Mark Levin articulately explained just how wrong Paul Ryan is in a Facebook post.
Not until the 1960’s has the Constitution been interpreted to convey birthright citizenship on the children of illegal aliens. And not due to any congressional statute or court ruling, but decisions by various departments and agencies of the federal bureaucracy. So, to be clear, the president would not be altering the 14th amendment or the intent of the 14th amendment or the original interpretation of the 14th amendment. On the contrary, the president would be taking charge of the executive branch and upholding the 14th amendment. And I challenge Paul Ryan to demonstrate otherwise. That’s not to say that activist judges and courts might not embrace Ryan’s knee-jerk position, but the president is right.
Ending Birthright Citizenship with Executive Order
The debate about whether Trump can end birthright citizenship with an executive order is a more nuanced debate and a separate one entirely. Will Ricciardella wrote a great piece about that which you can read more about here. There’s simply no precedent for birthright citizenship. Ricciardella explains:
There is zero precedent for allowing citizenship to children born to illegal alien parents. Article 1, section 8, clause 4 gives plenary power to Congress over naturalization and Section 5 of the 14th Amendment over jurisdiction, which Congress altered to allow Indians born in the United States to become citizens in 1924.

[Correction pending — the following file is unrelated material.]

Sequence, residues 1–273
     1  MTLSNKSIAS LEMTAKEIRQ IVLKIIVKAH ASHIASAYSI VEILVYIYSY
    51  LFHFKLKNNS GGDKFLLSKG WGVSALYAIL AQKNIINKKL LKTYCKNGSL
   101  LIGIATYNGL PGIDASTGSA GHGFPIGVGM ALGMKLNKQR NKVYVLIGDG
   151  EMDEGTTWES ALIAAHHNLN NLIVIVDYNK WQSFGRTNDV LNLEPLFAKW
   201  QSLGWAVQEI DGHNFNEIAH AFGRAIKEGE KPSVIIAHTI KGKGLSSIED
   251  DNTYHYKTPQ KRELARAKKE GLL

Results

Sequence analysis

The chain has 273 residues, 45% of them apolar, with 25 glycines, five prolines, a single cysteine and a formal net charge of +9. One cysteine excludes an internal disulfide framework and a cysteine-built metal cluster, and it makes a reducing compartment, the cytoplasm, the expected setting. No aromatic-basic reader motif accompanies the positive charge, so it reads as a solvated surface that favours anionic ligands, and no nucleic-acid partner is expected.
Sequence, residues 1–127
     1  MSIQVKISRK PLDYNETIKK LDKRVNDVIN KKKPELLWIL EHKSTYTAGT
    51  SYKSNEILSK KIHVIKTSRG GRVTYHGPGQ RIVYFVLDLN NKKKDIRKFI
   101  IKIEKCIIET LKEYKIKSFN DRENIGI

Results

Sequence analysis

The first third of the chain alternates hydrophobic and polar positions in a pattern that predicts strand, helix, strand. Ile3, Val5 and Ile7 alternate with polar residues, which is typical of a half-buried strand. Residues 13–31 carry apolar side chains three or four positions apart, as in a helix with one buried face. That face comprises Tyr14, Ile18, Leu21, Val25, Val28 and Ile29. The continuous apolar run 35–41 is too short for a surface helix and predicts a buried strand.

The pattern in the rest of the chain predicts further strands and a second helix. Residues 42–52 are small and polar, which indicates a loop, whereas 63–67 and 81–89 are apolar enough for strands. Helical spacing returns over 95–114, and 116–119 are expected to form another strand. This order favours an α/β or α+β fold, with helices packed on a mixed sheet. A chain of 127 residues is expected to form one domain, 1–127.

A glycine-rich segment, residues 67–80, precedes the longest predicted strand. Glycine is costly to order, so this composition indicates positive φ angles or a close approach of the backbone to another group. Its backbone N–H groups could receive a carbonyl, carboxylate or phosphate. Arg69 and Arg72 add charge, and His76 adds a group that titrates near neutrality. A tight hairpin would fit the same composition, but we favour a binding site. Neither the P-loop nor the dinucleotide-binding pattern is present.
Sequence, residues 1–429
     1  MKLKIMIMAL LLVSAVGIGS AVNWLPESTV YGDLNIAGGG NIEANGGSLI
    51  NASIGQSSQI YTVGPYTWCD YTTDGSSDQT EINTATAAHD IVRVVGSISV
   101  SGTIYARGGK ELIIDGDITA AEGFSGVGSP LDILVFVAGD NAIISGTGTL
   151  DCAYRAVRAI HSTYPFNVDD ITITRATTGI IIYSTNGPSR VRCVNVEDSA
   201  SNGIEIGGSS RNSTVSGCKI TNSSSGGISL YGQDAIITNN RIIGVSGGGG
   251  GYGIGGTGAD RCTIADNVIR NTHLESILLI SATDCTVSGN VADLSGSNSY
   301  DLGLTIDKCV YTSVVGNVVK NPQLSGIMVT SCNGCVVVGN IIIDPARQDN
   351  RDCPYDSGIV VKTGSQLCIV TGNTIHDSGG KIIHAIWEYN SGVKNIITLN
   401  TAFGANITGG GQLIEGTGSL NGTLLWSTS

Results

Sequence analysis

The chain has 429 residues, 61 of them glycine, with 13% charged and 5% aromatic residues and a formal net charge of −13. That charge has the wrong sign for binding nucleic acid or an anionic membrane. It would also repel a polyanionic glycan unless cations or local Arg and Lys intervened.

There is no existing law passed by Congress as of now that gives jurisdiction to illegal aliens born in the United States.
The executive and judiciary don’t have the power to decide the issue.
And then there is healthcare…
The left always likes to talk about what the rest of the world does when it comes to topics like healthcare. So, let’s do that. Take a look around the world? What other countries just let you show up have a kid and that kid is a citizen. Not many. No countries in Europe tolerate it. Very few countries in Africa. China certainly doesn’t. Japan doesn’t.
Are they all racist?
To wrap this up I’ll leave you with a Tucker Carlson monologue that perfectly sums up what’s going on here and cuts right through the left’s lazy argument that it’s somehow racist to care about protecting American wages, reducing crime, and reforming our welfare system.
A debate worth having
This is a debate worth having and the people who throw the “racist” accusation during the course of this argument don’t actually want to debate. They haven’t researched the subject. Nor have they done any due diligence. They aren’t equipped with the statistics. Nor do they want to debate.
Democrats want to silence debate and that’s why they resort to personal insults and smears. Don’t let them control the conversation. There is too much at stake.